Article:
Brussels, 16 October 2001
Commission approves EURO 155 million to fight animal diseases
The European Commission has approved a financial package to fight transmissible spongiform encephalopathies (TSE) and other animal diseases in the EU in 2002. The European Union (EU) budget will contribute € 114 million for financing BSE and scrapie monitoring. The amount will be used for the purchase of test kits. The Commission also adopted funding provisions for the 2002 programmes eradicating animal diseases and preventing zoonoses. The EU will contribute € 40.45 million from its resources in the veterinary field for the eradication and monitoring of 13 major animal diseases in the Member States. The diseases targeted by the programmes have implications for both human and animal health or cause serious losses in livestock farming and therefore constitute barriers to intra-EU or international trade.
Commenting on the decisions, Mr David Byrne, Commissioner for Health and Consumer Protection stated: "Testing programmes are a successful and important instrument to identify the scale of BSE and scrapie in the European Union. The introduction of the compulsory BSE test has proven how important they are to detect BSE in cattle to keep infected animals out of the food and feed chain in addition to safety legislation." On the animal disease eradication programmes he added: "The continuing support of the European Union for disease eradication programmes is a reflection of our commitment to continue the EU's efforts to improve the health status of the EU's livestock which is important from the point of view of protecting animal health and which will in turn be to the advantage of human health."
TSE monitoring programmes
Since 1 January 2001 all cattle for human consumption older than 30 months and a random sample of dead-on-farm cattle have to be tested for BSE. From 1 July 2001 onwards the obligatory test has been extended to all dead-on-farm cattle and emergency slaughtered cattle over 24 months. In Member States with a lower BSE risk (Austria, Finland and Sweden) or which exclude all over 30 months old animals from the food chain (UK) healthy slaughtered animals over 30 months will be subject to random sampling. In total, in the year 2002, between seven and eight million animals will be tested for BSE
Furthermore, as of 1 January 2002 random post mortem testing of sheep and goats over 18 months from healthy animals at slaughter and from fallen stock will be introduced.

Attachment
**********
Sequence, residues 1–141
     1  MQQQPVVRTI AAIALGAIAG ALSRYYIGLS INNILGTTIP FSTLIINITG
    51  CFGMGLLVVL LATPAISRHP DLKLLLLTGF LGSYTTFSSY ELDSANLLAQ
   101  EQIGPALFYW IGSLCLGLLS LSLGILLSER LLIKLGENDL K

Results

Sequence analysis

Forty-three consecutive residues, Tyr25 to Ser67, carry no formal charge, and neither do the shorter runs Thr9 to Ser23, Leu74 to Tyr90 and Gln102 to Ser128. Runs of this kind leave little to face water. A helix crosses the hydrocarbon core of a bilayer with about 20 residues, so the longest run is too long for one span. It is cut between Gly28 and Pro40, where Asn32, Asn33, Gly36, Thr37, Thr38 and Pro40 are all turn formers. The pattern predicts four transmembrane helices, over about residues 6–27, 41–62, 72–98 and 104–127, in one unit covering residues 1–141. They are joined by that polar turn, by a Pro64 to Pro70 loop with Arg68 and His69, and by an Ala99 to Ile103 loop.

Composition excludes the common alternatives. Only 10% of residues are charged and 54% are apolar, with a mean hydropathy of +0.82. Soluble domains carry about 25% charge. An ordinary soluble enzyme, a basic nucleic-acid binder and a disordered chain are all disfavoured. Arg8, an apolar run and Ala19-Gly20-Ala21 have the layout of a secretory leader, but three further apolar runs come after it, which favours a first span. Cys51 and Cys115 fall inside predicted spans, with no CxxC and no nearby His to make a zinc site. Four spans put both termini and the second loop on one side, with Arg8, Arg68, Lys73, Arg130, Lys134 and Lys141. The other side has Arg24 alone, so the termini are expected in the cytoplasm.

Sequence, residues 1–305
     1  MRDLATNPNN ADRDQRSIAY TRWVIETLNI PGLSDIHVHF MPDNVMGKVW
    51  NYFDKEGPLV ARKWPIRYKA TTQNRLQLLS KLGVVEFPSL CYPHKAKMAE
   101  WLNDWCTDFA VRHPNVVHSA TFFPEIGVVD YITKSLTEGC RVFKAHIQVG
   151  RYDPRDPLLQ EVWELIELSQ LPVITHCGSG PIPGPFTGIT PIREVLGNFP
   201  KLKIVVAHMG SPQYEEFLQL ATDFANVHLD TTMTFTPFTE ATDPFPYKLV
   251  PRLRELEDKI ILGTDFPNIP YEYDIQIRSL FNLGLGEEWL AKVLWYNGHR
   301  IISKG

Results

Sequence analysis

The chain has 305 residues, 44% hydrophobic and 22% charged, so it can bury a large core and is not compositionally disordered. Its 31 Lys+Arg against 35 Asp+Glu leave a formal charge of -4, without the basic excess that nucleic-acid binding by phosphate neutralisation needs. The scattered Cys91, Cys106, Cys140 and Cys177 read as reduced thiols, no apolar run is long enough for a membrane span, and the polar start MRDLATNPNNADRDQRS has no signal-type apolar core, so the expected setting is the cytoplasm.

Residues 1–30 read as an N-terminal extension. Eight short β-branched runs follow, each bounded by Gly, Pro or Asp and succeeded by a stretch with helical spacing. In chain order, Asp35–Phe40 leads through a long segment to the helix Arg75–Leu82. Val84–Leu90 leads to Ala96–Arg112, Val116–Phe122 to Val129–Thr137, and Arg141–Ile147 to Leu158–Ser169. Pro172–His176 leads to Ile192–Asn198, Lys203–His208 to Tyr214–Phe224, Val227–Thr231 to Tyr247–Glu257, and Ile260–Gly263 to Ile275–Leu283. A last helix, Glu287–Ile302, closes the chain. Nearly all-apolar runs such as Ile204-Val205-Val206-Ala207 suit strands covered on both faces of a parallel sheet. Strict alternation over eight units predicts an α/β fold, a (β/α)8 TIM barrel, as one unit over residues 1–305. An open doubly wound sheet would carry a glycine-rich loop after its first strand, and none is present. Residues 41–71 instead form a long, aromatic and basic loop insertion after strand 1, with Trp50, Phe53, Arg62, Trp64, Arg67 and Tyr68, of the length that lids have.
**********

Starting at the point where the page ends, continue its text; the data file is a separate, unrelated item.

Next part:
Member States submitted the Commission their programmes for 2002 for these different tests. The programmes have been evaluated by the Commission taking into account the epidemiological situation and the total population of bovine, ovine and caprine animals.
The Commission now adopted the maximum amount of EU financial contribution in the programmes of the Member States. In total, € 114 million will be made available from the EU budget. The distribution by Member State can be found in Annex 1.
Animal disease eradication programmes
The Commission shall adopt each year a list of programmes for the eradication and monitoring of animal diseases and for the control of zoonoses qualifying for a financial contribution from the EU as well as the proposed rate and amount of the contribution for each programme. The Commission now adopted a total of 50 programmes for 2002 for the eradication of 13 major animal diseases in the Member States. The total EU contribution to this programmes is € 40.45 million.
Scrapie, brucellosis, tuberculosis, rabies and salmonellosis will be the main diseases targeted by the EU in its disease eradication programme for the year 2002.
€ 10.25 million will be spent on the eradication of brucellosis in sheep and goats in the southern Member States where the disease occurs. This disease causes Malta fever in humans, which has plagued the Mediterranean region since Biblical times. Bovine brucellosis and bovine tuberculosis are also known to be transmitted to humans so that significant sums will be used to combat the remaining cases of these diseases (€ 11.9 million and 7.4 million respectively) and also for enzootic bovine leucosis (€ 1.25 million). These classical infections have generally been reduced to very low levels throughout the EU. Funding will be concentrated on a regional basis in those areas which have higher infection rates.
Funding will also be used to eradicate the most serious viral diseases of pigs such as classical and African swine fever and swine vesicular disease. Eradication of Aujeszky's disease will also be supported.
Due to the incursion of bluetongue in the EU, for the first time bluetongue programmes have been included for funding. Almost € 1 million will be made available to combat this disease.
In addition to the programmes for the eradication and monitoring of animal diseases, programmes of checks aimed at the prevention of zoonoses are included in the list. A financial contribution of € 2 million to control salmonella in poultry in 5 Member States is adopted. Salmonella can cause serious infections in humans.
The complete list of diseases, Member States and EU financial contribution adopted by the Commission can be found in Annex 2.
List of programmes for the monitoring of TSE
- Maximum amount of the EU financial contribution
List of programmes for the eradication and monitoring of animal diseases and prevention of zoonoses
- Proposed amount of the EU financial contribution